You need to know how your retention strategies are working – and the only way to do that is to measure. While you might formalize retention figures periodically, say quarterly or annually, the best brands have always-on data, showing them day-to-day what’s happening to their retention rate.

2. Understand the bottom-line impact

It’s essential to understand how much churn is acceptable, and which customers you are happy to let go. So make sure you include operational data about which customers are churning.

It’s useful here to have a metric like customer lifetime value (CLV) to refer to when deciding which customers you want to invest in retaining. Connecting with operational and finance teams is a good start – can you use the data at hand to attribute CLV and/or a value you can pin to your customers? That way, you’ll be in a better position to understand the cost of churn – and this can help unlock business-wide buy-in for activities aimed at plugging those leaks.

3. Understand why people churn

If customer retention is the antithesis of churn, then it pays to understand what causes people to leave a business in search of competitors.

There are four kinds of churn drivers to watch out for, each with two sub-categories:

Churn cause Description Type 1 Type 2
Service failures Service failures occur when any interaction or service falls short of customer expectations. Ordinary: Long wait times, a poor-performing website, lost luggage, products out of stock, poor product experiences, or missed delivery dates. Catastrophic: Identity theft from a company database, an altercation with a staff member, or a credit card decline for an important client dinner.
Failure to compete A competing product or service outstrips what your business has to offer. Inadvertent: Being blind to the existence of competitor offerings, the value competitors offer, or the value customers seek. Intentional: A conscious choice is made not to compete with a direct or indirect competitor.
Category retirement This occurs when a product or service is no longer needed by a customer or market segment. Inevitable: This happens when a product or service is targeted at one specific part of the customer journey, which the customer then moves past. Avoidable: Customers sometimes simply leave a category when a suitable substitute arises – it might be the case that the product in question has failed to adapt to their evolving needs.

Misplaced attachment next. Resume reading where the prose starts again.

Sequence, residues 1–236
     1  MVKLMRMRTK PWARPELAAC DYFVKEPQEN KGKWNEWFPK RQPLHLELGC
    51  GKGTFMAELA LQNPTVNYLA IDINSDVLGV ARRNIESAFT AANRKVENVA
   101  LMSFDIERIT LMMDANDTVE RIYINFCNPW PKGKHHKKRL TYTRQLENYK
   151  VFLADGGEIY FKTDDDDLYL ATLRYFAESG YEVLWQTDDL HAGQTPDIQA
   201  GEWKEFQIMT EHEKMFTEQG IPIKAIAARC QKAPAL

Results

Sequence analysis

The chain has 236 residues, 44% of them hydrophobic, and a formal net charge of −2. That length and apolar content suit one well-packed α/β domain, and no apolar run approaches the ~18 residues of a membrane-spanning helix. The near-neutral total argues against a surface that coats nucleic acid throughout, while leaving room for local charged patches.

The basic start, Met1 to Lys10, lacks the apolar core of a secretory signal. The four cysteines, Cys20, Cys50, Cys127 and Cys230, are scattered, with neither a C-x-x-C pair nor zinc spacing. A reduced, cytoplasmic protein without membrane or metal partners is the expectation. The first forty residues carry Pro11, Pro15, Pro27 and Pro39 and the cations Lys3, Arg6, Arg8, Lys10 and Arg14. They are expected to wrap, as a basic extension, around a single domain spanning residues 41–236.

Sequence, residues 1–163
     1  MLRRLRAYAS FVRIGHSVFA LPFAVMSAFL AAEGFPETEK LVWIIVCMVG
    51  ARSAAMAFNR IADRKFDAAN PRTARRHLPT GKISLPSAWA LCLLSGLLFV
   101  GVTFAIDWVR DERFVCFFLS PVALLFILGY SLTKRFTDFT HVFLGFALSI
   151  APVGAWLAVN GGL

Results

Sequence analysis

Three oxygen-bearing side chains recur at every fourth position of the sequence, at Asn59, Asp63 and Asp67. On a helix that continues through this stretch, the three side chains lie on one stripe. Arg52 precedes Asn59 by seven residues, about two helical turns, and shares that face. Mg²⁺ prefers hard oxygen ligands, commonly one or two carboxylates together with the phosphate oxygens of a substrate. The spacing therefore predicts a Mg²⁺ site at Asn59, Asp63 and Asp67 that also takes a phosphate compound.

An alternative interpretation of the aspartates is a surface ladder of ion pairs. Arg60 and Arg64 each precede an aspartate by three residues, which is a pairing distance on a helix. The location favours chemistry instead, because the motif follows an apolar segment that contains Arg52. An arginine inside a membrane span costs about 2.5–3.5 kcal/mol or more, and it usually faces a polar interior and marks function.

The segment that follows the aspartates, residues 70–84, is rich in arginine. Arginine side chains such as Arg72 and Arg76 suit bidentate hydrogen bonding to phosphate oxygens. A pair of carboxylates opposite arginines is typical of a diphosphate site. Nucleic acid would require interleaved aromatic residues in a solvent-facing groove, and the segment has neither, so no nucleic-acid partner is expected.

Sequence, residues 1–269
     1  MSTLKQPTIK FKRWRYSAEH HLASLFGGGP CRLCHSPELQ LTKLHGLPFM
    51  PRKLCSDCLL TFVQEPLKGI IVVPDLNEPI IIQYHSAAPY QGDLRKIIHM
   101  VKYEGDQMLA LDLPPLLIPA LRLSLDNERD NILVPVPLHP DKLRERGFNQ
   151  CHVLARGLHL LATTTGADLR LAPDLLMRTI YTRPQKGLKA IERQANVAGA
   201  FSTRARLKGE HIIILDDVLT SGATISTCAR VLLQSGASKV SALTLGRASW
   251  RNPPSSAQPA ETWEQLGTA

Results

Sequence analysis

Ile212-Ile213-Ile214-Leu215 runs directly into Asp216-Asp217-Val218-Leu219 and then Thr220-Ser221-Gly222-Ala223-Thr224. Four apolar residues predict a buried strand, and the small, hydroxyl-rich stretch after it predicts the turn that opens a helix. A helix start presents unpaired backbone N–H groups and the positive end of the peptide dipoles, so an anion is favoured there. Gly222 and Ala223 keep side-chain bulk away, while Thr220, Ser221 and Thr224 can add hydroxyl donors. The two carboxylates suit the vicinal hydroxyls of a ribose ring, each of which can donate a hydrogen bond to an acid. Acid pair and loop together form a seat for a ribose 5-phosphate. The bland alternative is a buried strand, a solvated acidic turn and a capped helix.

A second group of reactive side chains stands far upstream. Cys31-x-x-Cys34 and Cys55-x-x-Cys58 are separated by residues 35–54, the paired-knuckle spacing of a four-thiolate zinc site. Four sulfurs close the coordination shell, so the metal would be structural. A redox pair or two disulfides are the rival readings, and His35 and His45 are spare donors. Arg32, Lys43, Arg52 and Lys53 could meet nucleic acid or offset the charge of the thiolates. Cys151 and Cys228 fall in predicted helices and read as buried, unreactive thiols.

Structural barriers Roadblocks that prevent customers from acting as they normally would when choosing products or services. Organic: Pricing or store locations that naturally exclude certain clients. Synthetic: Unpredictable barriers that stop a business from reaching their customer, like changes to legislation, or IP disputes.

4. Seek out and fix customer pain points

Understanding what causes churn and working to promote retention both have roots in the overall customer experience – and improving that starts with understanding where experience gaps lie.

Doing so effectively requires being able to track and adjust CX across touchpoints. That means monitoring customer feedback – direct and indirect – in real-time, tracking user journeys through digital properties, and using AI-powered software to help human agents deliver best-in-class customer support. And it means doing all of those things in an interconnected way.

With the right software – like Qualtrics® XM for Customer Experience – you’ll be able to unearth previously hidden pain points by connecting all these disparate dots, and action change that promotes retention through superior CX.

5. ​​Run CX experiments to increase customer retention

Ok, so you have data points that show pain points and potential hypotheses for bolstering your CX… What now? Improving the customer experience means improving every interaction your customers have with you – and eliminating many common causes for churn in the process.

Experiments are an excellent way for CX teams to establish causal relationships between the actions they are driving and the outcomes that interest them.

Correlations are great for prediction (“How likely is an unhappy customer to churn?”), but they’re not when it comes to proactive intervention (“If we improve their experience, will this customer still churn?”) or counterfactuals (“What would have happened if we hadn’t improved that customer’s experience?”).

You can learn more about this – and how to effectively run CX experimentation – here.

6. Share insights across the organization

Make a list of all the customer-facing teams that have an impact on retention, and make sure they have all the information they need to make the right decisions for customers, whether it’s designing a broader retention strategy or they’re on the frontlines making in-the-moment decisions that will drive customer satisfaction and ultimately impact retention.

Working with those teams, you can ensure that your customer experience program plugs into the systems they’re already using so they can take the right actions for customers in their day-to-day work.

7. Make use of email newsletters and personalized offers

When a customer shares their email address with you and opts into marketing messages, it’s a strong sign that they already feel positive towards your brand and your cue to build relationships. You can build on this and keep them onboard over a longer period by being a regular presence in their inbox. As email is a free channel, it’s a relatively low-cost way to improve customer retention.

That doesn’t just mean sending out blanket marketing messages though. For best results, use your CRM data to personalize emails to loyal customers and celebrate their relationship with the brand, focusing on key milestones. Try a birthday discount code or a message that lets them know they’ve been shopping with you for a year (or more) and thank them for their business.